Types of Saltwater Setups
for the week of 11/26/98
The first decision that should be made when considering setting up a saltwater tank is what type of livestock the aquarist intends to keep. Everything else, including filtration, lighting, chemistry and overall expense are largely determined by the answer to this first question.
Fish-Only Setup. This is probably still the most common approach, is relatively inexpensive, and most hobbyists can have success. Standard freshwater-type filtration and lighting is adequate, so only a few basic additions (salt mix, crushed coral gravel, and a hydrometer) are required to make a good freshwater setup into a good saltwater setup. Common diseases like Cryptocaryon and Amyloodinium are easier to treat in this setup, since no medication-sensitive invertebrates are kept. Since fish do not appear to extract much in the way of calcium or other elements directly from the water, no special chemical additives are generally required other than those in the salt mix itself.
Reef or Mini-Reef Setup. Rapidly growing in popularity, reef tanks are actually fairly easyflame scallop to maintain, but often much more expensive than traditional fish-only systems. Live corals and other invertebrates containing symbiotic algae require much more light than fish or other invertebrates do - a lighting system for a 75 gallon aquarium often costs several hundred to a thousand dollars. In addition, that same tank might incorporate 150 pounds of "live rock" costing $3 to $10 per pound. What sort of filtration - if any - is still a matter of great debate among reef "experts," but a good protein skimmer and a number of "power head" water pumps seem to work pretty well. Generally, many invertebrates, including corals, polyps, shrimp, starfish, clams and so on can be kept (although compatibility is still a concern), but only a few fish. Since it is very difficult to treat fish disease outbreaks in a mixed tank, the best way to avoid epidemics is to keep the fish uncrowded - perhaps only one small fish per ten or twenty gallons. Finally, since live corals and other invertebrates extract calcium, strontium, iodine and other elements directly from the water, routine testing and replacement is recommended.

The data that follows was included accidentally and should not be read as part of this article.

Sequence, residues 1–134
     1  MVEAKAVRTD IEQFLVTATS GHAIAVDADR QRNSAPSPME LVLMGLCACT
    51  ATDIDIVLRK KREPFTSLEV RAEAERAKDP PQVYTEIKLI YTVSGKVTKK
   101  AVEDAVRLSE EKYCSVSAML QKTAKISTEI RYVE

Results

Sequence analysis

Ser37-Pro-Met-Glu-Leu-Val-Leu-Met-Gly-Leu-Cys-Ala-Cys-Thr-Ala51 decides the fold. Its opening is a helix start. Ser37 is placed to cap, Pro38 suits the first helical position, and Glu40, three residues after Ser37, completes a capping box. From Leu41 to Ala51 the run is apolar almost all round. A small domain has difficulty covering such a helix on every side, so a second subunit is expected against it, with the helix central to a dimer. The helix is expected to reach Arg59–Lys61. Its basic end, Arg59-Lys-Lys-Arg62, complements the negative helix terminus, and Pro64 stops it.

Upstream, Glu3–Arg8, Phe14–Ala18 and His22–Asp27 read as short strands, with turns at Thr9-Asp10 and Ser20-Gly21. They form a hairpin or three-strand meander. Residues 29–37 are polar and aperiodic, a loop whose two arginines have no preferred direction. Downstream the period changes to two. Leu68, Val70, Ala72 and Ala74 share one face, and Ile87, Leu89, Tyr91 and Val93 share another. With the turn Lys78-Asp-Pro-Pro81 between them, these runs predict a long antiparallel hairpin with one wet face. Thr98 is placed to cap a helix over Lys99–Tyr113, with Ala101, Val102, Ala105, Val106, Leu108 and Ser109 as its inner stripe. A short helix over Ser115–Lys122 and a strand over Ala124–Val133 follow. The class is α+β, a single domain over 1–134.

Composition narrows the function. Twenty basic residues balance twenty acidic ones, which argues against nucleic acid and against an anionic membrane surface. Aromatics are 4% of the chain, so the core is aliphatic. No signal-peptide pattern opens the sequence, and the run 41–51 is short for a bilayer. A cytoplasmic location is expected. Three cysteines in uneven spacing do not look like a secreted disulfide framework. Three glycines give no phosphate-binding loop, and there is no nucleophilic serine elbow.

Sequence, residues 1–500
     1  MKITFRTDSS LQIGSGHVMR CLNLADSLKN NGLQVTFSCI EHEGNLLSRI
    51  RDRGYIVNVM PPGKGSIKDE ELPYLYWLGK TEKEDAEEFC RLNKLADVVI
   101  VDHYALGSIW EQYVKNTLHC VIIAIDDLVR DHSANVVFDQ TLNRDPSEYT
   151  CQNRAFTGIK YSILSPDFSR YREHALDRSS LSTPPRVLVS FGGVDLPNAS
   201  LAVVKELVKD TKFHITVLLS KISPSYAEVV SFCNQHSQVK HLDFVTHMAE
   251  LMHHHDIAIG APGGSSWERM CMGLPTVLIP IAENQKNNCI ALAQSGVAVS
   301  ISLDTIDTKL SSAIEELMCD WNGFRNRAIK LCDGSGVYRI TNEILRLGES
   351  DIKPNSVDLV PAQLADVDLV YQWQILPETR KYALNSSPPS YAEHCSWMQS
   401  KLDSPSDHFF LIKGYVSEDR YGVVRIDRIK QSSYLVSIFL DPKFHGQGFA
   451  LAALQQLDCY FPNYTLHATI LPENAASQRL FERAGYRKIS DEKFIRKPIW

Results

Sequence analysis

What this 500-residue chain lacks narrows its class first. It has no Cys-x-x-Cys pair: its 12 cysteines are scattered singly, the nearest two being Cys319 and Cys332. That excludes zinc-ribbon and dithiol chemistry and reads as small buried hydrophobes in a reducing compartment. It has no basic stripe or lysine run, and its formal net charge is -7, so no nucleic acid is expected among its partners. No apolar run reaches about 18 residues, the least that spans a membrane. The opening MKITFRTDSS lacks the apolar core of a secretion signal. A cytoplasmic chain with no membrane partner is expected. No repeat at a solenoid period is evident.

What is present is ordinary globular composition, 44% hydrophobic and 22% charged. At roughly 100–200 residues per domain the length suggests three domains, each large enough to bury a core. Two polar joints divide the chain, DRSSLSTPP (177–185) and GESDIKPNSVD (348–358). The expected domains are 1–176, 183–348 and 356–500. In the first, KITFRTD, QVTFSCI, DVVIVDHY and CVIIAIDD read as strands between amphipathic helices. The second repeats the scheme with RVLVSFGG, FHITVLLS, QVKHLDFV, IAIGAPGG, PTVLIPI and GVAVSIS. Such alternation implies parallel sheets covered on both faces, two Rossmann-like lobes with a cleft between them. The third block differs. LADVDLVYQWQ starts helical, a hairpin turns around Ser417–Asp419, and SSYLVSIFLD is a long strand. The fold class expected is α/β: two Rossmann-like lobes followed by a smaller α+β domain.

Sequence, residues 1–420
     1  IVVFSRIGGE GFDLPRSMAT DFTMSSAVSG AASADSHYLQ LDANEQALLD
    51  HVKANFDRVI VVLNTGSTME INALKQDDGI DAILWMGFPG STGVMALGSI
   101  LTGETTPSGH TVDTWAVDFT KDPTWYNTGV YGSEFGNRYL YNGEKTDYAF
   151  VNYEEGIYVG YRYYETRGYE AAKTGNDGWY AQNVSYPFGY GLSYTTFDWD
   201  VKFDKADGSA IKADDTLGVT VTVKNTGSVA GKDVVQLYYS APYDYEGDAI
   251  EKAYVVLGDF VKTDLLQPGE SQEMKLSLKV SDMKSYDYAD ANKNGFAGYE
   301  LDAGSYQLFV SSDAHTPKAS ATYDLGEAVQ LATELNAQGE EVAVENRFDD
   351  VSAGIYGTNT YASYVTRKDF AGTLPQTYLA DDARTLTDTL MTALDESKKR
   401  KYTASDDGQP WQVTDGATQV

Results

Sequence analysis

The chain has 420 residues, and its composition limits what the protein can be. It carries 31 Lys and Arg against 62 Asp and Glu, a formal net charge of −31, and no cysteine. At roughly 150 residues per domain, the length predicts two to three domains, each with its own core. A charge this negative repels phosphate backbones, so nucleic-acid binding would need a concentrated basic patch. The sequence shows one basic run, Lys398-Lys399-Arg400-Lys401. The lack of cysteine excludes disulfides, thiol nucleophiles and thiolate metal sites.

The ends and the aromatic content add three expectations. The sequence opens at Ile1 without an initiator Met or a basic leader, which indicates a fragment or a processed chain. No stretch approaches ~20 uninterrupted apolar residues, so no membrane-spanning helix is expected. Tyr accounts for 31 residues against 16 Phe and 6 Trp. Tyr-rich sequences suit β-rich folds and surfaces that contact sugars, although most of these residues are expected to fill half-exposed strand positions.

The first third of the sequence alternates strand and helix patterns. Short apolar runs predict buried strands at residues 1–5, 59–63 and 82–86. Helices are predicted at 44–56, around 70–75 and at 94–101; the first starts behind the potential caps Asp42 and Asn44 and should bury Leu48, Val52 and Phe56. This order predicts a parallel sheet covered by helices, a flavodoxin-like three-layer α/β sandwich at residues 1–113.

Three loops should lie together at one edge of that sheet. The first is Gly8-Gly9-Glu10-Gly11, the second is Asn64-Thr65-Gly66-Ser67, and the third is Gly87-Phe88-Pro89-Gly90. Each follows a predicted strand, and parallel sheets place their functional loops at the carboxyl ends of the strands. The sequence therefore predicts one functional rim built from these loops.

Mixed Fish and Invertebrate Setup. This attempt to have the best of the two previous systems does result in a setup of intermediate cost and complexity, but is perhaps the trickiest to master. Again, fish disease prevention and treatment are a big concern, so it's best to keep the fish load light. The tank can hold quite a number of crabs, shrimps, and starfish, however, and perhaps even a low-light coral or two. Testing and replacement of calcium and other elements is not required in this case, but water changes will probably need to be more frequent than in the reef setup.
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